New Jobs for young and old lawyers

IMGP2172Because I’ve been practicing law for thirty years — gad — people often assume I write legal mysteries or thrillers. Or that my protagonists are former lawyers. Lawyers — retired or working — make great characters, but I’m enjoying exploring other career paths in my fiction, primarily those focused on food!

But I can’t stray too far from the field I know so well. In Death al Dente, first in my Food Lovers’ Village Mysteries, set in Jewel Bay, Montana, protagonist Erin Murphy is surprised to discover that Bill Schmidt, the local herbalist and her widowed mother Fresca’s new beau, is an ex-lawyer. When Erin needs legal advice, she pops around the corner into Bill’s magical, mysterious shop. And in my Seattle Spice Shop Mysteries, debuting in March 2015, Spice Shop owner Pepper Reece worked in HR for a large Seattle law firm before it imploded in a rash of scandal. That gives her access to law firm librarians, paralegals, criminal lawyers, defense lawyers, and other experts she met in her former career.

What other careers do lawyers tackle? Just about anything you can imagine. This Washington State Bar journal article  profiles Tim Blue, a practicing lawyer and winery owner. Another lawyer I knew left the bar behind to, well, open a bar. One runs a campground. Greg Bartholomew, whom I worked with in Seattle, is a successful choral composer. Former lawyers run all manner of businesses — one of my law school classmates is president of Bank of America, and another runs his family’s construction business. Some work in insurance. More than a few have left the law for the ministry. A very successful local trial attorney now spends much of the year in Italy, painting. One of my writer pals spent years as a criminal defense lawyer before returning to her early love of books and becoming a junior high English teacher, in small prairie towns and on Indian reservations.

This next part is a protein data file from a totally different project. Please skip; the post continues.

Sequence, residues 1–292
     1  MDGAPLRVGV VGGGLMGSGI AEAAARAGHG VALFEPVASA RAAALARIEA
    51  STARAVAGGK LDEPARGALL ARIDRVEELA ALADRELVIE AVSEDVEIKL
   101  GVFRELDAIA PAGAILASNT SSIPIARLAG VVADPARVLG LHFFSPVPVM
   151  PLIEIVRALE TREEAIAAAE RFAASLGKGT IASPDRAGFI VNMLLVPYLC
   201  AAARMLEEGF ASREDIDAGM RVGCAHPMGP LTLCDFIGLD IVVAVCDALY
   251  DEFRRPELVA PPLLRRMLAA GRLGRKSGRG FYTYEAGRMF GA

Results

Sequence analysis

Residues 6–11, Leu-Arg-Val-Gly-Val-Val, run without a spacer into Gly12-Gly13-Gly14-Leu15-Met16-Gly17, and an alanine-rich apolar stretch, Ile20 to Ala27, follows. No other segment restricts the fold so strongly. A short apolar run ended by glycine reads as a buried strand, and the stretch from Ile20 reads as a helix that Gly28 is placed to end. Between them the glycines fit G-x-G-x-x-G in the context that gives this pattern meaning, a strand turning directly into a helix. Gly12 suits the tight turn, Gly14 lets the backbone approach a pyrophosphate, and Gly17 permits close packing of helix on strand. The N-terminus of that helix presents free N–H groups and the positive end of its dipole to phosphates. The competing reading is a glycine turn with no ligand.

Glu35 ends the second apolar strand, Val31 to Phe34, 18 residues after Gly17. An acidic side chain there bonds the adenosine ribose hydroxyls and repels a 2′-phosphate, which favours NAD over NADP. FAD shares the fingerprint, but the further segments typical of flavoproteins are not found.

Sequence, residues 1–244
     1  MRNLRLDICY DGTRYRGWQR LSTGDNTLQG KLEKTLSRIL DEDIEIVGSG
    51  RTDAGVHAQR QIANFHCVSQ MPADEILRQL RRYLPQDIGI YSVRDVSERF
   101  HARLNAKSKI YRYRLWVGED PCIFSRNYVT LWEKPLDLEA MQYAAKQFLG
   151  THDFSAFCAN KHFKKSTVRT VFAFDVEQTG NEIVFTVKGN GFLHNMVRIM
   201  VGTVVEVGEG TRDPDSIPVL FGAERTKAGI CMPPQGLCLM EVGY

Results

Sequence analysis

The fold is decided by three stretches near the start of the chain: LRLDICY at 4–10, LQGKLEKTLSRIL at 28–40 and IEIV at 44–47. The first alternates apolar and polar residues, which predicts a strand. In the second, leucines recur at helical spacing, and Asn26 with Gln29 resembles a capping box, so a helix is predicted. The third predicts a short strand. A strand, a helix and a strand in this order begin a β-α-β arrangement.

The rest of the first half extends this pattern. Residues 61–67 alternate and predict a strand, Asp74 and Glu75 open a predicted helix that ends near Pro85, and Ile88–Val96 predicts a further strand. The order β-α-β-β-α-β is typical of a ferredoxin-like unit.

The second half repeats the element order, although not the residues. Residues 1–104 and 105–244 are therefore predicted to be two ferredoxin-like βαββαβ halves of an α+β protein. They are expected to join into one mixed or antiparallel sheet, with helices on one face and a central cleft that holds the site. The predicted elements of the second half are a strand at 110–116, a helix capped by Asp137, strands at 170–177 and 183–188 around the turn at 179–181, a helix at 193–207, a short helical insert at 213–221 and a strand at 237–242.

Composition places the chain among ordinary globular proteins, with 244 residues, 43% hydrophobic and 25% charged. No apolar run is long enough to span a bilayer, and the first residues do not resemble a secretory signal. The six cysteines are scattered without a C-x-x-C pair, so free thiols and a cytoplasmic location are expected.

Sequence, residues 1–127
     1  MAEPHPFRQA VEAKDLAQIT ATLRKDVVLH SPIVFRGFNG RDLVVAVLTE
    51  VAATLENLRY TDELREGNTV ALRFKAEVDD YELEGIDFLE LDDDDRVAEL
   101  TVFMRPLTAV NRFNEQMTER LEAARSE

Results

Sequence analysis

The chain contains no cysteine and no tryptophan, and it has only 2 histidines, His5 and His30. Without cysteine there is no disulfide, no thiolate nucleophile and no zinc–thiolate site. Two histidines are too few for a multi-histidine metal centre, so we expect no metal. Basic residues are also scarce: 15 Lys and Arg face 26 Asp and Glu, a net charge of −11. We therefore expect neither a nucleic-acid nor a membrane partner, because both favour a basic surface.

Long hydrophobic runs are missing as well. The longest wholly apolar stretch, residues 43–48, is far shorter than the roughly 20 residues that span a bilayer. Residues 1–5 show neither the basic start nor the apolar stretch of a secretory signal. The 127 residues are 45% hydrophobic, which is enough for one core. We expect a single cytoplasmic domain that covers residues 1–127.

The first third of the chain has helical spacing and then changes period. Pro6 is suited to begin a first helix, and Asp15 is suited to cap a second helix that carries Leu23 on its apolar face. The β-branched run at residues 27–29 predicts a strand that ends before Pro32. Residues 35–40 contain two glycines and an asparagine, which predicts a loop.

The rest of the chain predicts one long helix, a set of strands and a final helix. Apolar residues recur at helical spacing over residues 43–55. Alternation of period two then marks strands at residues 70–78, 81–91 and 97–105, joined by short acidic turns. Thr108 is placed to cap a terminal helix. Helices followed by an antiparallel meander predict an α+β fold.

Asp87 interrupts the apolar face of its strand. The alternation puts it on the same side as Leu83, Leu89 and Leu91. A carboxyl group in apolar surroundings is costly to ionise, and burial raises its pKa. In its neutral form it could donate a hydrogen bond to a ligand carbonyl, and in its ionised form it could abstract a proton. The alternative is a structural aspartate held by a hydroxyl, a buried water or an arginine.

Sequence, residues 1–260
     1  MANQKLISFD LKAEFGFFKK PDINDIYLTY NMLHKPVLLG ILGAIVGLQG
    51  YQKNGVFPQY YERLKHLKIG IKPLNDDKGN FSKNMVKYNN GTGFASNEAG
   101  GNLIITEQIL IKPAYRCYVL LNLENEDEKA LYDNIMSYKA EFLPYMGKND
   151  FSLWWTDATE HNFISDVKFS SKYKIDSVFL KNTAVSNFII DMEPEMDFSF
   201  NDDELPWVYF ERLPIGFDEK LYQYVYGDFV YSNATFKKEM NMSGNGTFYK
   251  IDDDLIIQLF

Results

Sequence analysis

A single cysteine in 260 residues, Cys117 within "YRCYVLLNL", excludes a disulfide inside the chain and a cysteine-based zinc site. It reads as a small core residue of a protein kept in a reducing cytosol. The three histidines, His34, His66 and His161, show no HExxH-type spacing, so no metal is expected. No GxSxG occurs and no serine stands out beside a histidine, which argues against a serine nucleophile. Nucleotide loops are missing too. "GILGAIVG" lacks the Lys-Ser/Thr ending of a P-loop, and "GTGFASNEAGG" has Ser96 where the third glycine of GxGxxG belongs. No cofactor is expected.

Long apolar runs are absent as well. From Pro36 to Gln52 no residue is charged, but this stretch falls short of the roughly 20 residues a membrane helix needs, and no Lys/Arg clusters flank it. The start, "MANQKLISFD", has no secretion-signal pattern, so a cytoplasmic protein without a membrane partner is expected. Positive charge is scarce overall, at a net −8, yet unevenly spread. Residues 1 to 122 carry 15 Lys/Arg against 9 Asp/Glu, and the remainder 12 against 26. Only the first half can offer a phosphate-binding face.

Many former lawyers work in government, at all levels, in all departments — not necessarily as lawyers. Some run charitable organizations. Others teach in law or business schools; several of my classmates at Notre Dame Law School are deans or hold other positions in university administration, and a woman who graduated a few years behind me became a woman’s basketball coach. My former dean, long widowed, is now a Catholic priest.

And of course, quite a few write mysteries. What career can you give an ex-lawyer character, to add a legal perspective to your story — and give your sleuth a resource to consult?

Dressing Your Female Lawyer for Courtroom Scenes

Over the years, I’ve wanted to write about dressing the woman lawyers on your pages. Yeah, yeah, everyone who knows me, stop laughing now. I may be a jeans and boots fiend now, but in my city lawyer days, I had a Nordstrom’s card and I knew how to use it. But I am too far removed from daily urban practice — and Nordy’s — to give sound, up-to-date advice.

So now, Michael Heatherly, editor of NW Lawyer, the journal of the Washington State Bar Association, has stepped into that void. More accurately, he wrote a piece for men on dressing professionally in the June issue, and invited readers to submit an article for women. Seattle lawyer Lisa DuFour took the challenge. Here’s her piece.